Which to stabilize: food or petrol?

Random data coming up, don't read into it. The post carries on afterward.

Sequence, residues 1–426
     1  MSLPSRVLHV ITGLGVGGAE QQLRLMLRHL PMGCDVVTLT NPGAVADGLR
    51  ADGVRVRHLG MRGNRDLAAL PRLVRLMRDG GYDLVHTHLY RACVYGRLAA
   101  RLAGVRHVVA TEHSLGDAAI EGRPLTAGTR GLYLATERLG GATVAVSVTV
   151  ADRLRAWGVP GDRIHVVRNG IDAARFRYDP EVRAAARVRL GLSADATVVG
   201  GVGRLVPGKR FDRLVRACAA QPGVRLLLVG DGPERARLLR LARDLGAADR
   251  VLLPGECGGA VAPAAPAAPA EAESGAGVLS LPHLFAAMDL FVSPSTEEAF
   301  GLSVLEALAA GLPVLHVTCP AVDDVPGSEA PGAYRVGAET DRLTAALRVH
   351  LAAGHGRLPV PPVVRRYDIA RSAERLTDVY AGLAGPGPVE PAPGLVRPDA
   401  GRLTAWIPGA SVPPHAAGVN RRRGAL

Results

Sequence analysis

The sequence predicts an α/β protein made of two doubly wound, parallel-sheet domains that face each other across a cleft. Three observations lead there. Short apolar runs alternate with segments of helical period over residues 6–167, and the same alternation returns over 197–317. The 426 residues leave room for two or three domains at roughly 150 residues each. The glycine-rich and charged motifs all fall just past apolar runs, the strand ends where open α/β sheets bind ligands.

Should the government introduce a food price stabilization policy? I ask because rising petrol prices have led to a campaign to drop the planned increase in fuel duty, and to introduce a fuel price stabilizer. But this raises the question: why should the government stabilize petrol but not food prices?I ask because, for the average family, it is food prices - more than petrol - that is squeezing their living standards. This is because food has a greater weight in spending than petrol (9.6% vs. 4.1%), and so food’s 4.9% increase in the last 12 months has raised CPI inflation by more than petrol’s 10.1% rise. (Table 3 of this pdf.)And for the poor - who can’t afford cars and who spend proportionately more on food than those on higher incomes - food prices are obviously a greater problem. So, why is there a clamour to stabilize petrol but not food prices? I can think of five reasons. I’m not sure how good they are:1.Petrol prices are more volatile than food - 3.2 times, according to monthly data since 1996. This means that, even allowing for petrol’s smaller weight in the CPI, its variability generates gerater volatility of real incomes. 2. People can do more about rising food prices than rising petrol prices. For some, reducing food intake is feasible and desirable, but at least some car journeys are necessary. For many, though, this is not true: higher food prices might lead to worse health, if people switch to cheaper empty-calorie fast food. And in the long-run, people should live nearer to where they work. 3. Because fuel duties are high, petrol prices are set by government whereas food prices are not, so people regard petrol prices as a legitimate object of policy whereas food prices, fluctuating “naturally”, are not. This is an example of how government intervention can feed on itself - one intervention (a tax) leads to demands for others (price stabilization).4. There’s a displacement activity going on. You might think that there’s a difference between those for whom petrol is a large expenditure and those for whom food is. The latter are often on benefits, and so are protected from rising food prices (with a lag - which means that cashflow can be a problem) by the index-linking of benefits, but the former are not. But this difference is illusory. In principle, petrol consumers have a form of index-linking. They can pass on price rises to customers or employers; the CPI is still the benchmark for wage settlements. And this is where the displacement comes in. The people for whom rising petrol prices are a problem are those who lack the market power to pass on the cost - small haulage firms or workers without bargaining power. Rather than acknowledge their lack of power, though, such people prefer to present themselves as victims of government. A problem of capitalism thus becomes a problem of big government.5. In our quasi-democracy, government heeds the calls not of those with the most need, but of those with the most voice. And white van man makes more noise than the genuinely poor. Another thing. The Mirror says rising petrol prices will cause “misery” for millions. Is this is journalistic hyperbole or a sad truth about our emotionally incontinent society?Yes another thing. The Bank of England is not going to raise rates simply because of rising petrol prices. It might do so if they lead to higher inflation expectations.